Good afternoon, readers.
Today, Fortune released its latest list of the world’s 50 greatest leaders. These extraordinary individuals span the gamut of industry and government, and have offered up stunning moments of leadership and innovation in one of the strangest years in recent history.
Given the cloud of the COVID pandemic, it may not surprise you to hear that several members of this year’s list happen to be intimately involved in the medical industry. It was wonderful to see Ashish Jha, a physician, public health expert, dean of the Brown University School of Public Health, and all-around steadying medical presence on this year’s list.
I’ve had the pleasure of speaking with Jha on several occasions and I know he’s made my reporting more impactful and relevant to the lives of normal people. He just has a way of breaking down the most complicated topics—whether it be coronavirus variants or the most effective strategies to get people vaccinated—into easy-to-understand bullet points while always being fueled by empathy. In epidemiology, context is everything, and Jha has a fundamental grasp on that concept.
Some other prominent health leaders in the rankings? The number two spot went to a motley crew of mRNA-vaccine pioneers (the technology behind Pfizer’s and Moderna’s COVID shots) including: BioNTech’s cofounders Ugur Sahin and Özlem Türeci; Pfizer CEO Albert Bourla; and Moderna CEO Stéphane Bancel.
But the COVID pandemic has also shown us that you don’t have to be a world-class scientist or physician to fight for human health. Other honorees in the Greatest Leaders list include New Zealand Prime Minister Jacinda Ardern, who took this year’s top spot thanks to her aggressive and effective leadership in the midst of multiple crises including the COVID pandemic. Adam Silver, Chris Paul, and Michele Roberts were lauded for their remarkably successful efforts to hold an NBA season while keeping players safe from coronavirus.
There’s no way I can do all the honorees justice in this space, so I encourage you to read through these tales of leaders who stepped up in a year when it truly mattered.
Read on for the day’s news, and see you again next Thursday.
Drug giant Sanofi accused of deleting internal emails related to Zantac recall. French drug titan Sanofi is facing allegations that it deleted emails related to a recall of the popular heartburn drug Zantac. The allegations were made by lawyers who represent some 70,000 patients in a class action lawsuit. Sanofi, for its part, says there was no effort to thwart the legal process, pointing out that "Sanofi has voluntarily disclosed that certain emails requested by plaintiffs were not preserved as intended" and that "there was no intentional destruction of data." The company also said it stands by its case that Zantac is a safe product. (Bloomberg)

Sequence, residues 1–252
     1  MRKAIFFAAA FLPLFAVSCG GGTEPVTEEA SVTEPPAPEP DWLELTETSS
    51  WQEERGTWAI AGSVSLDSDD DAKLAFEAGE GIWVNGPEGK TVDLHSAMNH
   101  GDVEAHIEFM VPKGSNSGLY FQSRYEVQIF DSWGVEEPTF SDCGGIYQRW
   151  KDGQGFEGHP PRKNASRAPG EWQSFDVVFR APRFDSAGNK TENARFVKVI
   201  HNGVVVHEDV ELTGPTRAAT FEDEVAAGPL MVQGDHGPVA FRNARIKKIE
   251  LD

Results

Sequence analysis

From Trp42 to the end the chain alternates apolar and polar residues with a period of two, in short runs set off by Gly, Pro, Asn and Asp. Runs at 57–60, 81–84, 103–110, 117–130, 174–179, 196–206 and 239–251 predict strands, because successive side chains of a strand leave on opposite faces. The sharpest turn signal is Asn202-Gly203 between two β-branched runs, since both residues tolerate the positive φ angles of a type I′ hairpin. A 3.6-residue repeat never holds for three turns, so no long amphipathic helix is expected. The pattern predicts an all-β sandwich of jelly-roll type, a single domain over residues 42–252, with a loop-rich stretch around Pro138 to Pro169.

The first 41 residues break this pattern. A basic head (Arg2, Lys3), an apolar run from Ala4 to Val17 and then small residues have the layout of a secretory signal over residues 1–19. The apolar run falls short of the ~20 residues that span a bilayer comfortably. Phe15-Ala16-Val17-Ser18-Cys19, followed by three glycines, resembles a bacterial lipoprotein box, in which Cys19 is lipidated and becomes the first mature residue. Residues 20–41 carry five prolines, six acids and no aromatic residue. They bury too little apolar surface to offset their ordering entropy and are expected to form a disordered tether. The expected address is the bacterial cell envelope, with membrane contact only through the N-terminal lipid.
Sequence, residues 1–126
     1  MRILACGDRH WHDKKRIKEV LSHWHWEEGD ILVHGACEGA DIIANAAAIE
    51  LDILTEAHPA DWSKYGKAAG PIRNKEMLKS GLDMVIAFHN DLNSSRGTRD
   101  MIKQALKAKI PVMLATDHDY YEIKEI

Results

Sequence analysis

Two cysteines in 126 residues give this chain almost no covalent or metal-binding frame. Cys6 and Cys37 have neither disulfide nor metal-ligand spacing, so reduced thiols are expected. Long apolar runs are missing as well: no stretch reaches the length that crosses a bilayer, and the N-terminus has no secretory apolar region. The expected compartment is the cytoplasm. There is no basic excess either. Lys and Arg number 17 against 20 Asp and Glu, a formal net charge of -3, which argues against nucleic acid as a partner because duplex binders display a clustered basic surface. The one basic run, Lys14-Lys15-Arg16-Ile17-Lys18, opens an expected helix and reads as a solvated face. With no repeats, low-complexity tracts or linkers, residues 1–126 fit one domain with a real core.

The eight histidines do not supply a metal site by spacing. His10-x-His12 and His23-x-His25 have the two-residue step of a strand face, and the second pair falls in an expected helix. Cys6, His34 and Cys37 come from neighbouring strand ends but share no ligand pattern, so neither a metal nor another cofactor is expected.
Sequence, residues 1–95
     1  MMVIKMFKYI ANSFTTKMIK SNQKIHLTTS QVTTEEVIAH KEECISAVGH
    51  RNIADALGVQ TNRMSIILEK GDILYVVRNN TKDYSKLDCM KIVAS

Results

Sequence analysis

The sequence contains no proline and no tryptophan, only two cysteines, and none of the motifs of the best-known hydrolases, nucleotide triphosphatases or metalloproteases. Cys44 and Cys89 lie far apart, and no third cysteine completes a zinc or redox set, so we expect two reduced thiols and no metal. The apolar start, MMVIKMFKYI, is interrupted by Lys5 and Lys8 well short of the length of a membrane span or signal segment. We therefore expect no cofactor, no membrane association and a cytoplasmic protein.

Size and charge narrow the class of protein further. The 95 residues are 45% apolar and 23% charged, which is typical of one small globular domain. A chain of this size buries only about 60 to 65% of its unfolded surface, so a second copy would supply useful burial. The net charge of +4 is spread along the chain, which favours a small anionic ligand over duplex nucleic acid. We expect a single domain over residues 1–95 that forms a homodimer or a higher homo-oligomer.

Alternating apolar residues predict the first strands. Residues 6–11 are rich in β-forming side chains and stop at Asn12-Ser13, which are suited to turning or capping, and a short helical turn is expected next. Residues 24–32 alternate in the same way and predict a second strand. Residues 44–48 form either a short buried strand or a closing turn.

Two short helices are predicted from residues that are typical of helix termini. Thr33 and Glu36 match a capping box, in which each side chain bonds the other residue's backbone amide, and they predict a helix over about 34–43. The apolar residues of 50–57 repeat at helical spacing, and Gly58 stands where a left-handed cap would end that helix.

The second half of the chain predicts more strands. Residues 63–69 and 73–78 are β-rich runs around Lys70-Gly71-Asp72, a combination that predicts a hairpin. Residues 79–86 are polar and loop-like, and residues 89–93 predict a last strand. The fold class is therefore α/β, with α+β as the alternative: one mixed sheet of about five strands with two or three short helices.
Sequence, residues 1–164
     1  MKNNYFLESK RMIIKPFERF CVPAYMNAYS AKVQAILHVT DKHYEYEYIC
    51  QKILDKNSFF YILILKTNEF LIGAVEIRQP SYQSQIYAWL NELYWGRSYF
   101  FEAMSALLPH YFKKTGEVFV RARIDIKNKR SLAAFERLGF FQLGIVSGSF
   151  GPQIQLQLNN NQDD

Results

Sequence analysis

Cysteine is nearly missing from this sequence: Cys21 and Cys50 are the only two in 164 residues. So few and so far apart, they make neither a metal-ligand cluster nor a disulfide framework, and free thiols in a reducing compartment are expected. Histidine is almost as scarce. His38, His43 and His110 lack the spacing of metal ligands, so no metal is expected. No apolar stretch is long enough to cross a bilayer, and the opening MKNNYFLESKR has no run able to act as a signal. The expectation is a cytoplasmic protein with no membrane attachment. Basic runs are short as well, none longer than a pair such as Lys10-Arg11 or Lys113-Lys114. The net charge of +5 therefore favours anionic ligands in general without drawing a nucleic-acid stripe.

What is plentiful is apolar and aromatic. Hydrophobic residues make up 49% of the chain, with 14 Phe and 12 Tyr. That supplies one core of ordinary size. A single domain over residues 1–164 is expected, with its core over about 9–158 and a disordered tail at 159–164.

The risk/benefit of mixing different vaccines. One of the major questions surrounding vaccine safety (and general logistics) is whether or not different kinds of shots can be delivered. For instance, could you get a dose of Pfizer and then a dose of AstraZeneca's vaccine if there are supply constraints on the former? A new study suggests that, while it would probably be safe, it can lead to somewhat more unpleasant side effects such as fatigue, fever, and aches following the second dose compared with those who received the same kind of shot both times. This is still early research so we need more data, and the study didn't spell out whether or not mixing different vaccine types hampers immunity against coronavirus. But it could be a critical question in a global immunization campaign. (Fortune)
THE BIG PICTURE
Can the kids help fuel the vaccine campaign? Here's a bit of next-generation optimism. I spoke with José Mayorga, a family physician and the executive director and executive medical director of the University of California at Irvine’s (UCI) family health centers, earlier this week following the FDA's decision to authorize Pfizer's COVID vaccine for kids 12 years and older. One of my first thoughts was how the societal discrepancies in COVID testing and vaccine access might affect this. What Mayorga had to say was remarkable. "The other day we were able to vaccinate two teens and their mom. And it was honestly one of the most rewarding moments in my life this year because we got mom convinced because her son, not the mom, her son was the one who said, 'Mom, we need to consider getting vaccinated,'" he said. "The kids did their research. They asked us questions. They got their vaccine, and it was absolutely great and satisfying to see two high school kids and the mom get vaccinated to move past and move forward." (Fortune)
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